“What about a liver?” I asked. “Nobody’s going to sell their liver on the black market.”
“No one’s own liver, no,” Dr. Takemago said.
I nodded. She was right. You could get anything in the DZ if you had the money. “Still,” I said, “it would help if we knew a little more about the potential uses for a sheep like Mary.”
“There seems to be a bit of a disconnect here, Mr. Fowler,” she said. “There are no ‘uses’ for a sheep like Mary. Her only value is as a subject of research. This is undoubtedly a case of corporate espionage. If the involvement of a ‘phenomenological inquisitor’ in this matter is unavoidable, then that’s where such a person’s efforts should be directed.”
“Humor me,” I said. “When you say the organs are meant for transplanting into humans, do you mean the sheep actually have human organs inside them?”
“More or less,” Takemago said. “Their hearts, kidneys, and livers are designed from a subset of chromosomes common to sheep and human beings so they can be transplanted from one to the other with minimal complications.”
“Minimal complications,” I said. “Not no complications.”
I watched as Keane spun around and approached the sheep again. He sank his hand into the top of its fleece once more, and the sheep gave a quick bleat as it felt his presence. Dr. Takemago frowned, clearly agitated.
“There’s always the risk of complications with any transplant operation,” she said, her eyes on Keane. “Particularly cross-species—even if the animal is specifically designed for the purpose. That’s why it makes no sense to steal a sheep like Mary for her organs when one could more easily purchase a human organ on the black market. It’s always better to stay within the same species, if at all possible. Not to mention that these sheep are still experimental. There’s simply no advantage to harvesting organs from a sheep.”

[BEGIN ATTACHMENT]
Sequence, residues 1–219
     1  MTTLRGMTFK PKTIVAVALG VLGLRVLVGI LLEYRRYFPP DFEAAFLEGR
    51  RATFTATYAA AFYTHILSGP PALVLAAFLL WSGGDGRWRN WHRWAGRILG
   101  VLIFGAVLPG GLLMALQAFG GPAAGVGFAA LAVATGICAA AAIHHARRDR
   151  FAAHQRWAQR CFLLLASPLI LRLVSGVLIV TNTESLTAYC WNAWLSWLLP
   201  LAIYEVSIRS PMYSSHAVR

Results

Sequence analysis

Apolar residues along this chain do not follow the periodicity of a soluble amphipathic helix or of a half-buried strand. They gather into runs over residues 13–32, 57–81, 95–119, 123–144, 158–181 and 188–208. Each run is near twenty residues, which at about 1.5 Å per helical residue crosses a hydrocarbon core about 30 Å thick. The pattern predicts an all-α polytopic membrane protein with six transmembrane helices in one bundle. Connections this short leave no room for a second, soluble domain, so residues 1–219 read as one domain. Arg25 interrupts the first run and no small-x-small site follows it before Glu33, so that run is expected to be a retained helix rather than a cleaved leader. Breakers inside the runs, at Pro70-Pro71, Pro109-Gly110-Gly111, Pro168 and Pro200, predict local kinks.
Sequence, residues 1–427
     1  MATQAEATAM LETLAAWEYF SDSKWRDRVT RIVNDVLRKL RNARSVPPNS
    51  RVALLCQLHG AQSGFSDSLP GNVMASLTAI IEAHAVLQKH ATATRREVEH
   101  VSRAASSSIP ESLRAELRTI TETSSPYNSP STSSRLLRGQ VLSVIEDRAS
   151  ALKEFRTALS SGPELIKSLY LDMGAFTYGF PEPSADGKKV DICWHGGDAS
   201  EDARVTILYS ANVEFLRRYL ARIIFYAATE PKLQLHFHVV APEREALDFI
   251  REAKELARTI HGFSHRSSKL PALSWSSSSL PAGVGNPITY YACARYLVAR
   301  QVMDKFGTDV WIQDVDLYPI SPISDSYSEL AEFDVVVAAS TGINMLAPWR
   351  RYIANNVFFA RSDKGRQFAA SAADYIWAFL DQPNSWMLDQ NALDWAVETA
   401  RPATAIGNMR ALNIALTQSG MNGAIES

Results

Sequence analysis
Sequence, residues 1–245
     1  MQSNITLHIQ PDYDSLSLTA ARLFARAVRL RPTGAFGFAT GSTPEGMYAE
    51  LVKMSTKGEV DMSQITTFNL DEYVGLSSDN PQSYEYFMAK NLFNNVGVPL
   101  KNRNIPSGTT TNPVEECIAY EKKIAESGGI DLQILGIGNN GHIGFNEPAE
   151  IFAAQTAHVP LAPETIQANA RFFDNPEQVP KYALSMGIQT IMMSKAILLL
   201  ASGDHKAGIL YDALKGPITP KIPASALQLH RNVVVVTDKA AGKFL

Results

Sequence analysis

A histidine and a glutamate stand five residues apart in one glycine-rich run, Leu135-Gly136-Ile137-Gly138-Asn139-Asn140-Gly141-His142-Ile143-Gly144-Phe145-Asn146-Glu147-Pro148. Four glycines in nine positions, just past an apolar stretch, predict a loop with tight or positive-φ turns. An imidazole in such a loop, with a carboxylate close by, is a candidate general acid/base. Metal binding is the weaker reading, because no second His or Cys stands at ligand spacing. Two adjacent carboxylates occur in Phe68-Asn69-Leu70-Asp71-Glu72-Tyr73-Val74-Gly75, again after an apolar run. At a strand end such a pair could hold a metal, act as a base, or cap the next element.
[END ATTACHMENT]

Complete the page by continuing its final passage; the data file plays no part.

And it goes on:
“Then why breed them in the first place?”
“Because,” Takemago explained irritably, “Esper Corporation isn’t selling organs on the black market. The idea is to supply usable organs through legitimate channels, without anybody having to die in the process.”
“Except for the sheep,” I said.
“Of course,” said Takemago to me. “But better a sheep than a human being.”
I nodded. “Why do you use such a large breed of sheep?” I asked. “Even allowing for the volume of its fleece, that one has to weigh close to three hundred pounds. I would think its organs are too large to fit inside a person.”
Takemago nodded, still watching Keane anxiously. “Another reason it wouldn’t make sense to harvest organs from Mary. But in answer to the question, Esper uses several different breeds. These specimens are all experimental. Size is one of the easiest variables to control. Once the problem of organ viability has been solved, the next step is to breed a version with a mass approximating that of an average human being. What are you doing, Mr. Keane?”
Keane seemed oblivious to the question. He was running his hands through the sheep’s fleece, pulling away loose fibers and regarding them with apparent fascination.
Dr. Takemago turned to me. “What exactly is Mr. Keane doing?” she demanded.
I watched Keane impassively for a moment. “Woolgathering,” I said, eyeing Dr. Takemago for her response. Crickets.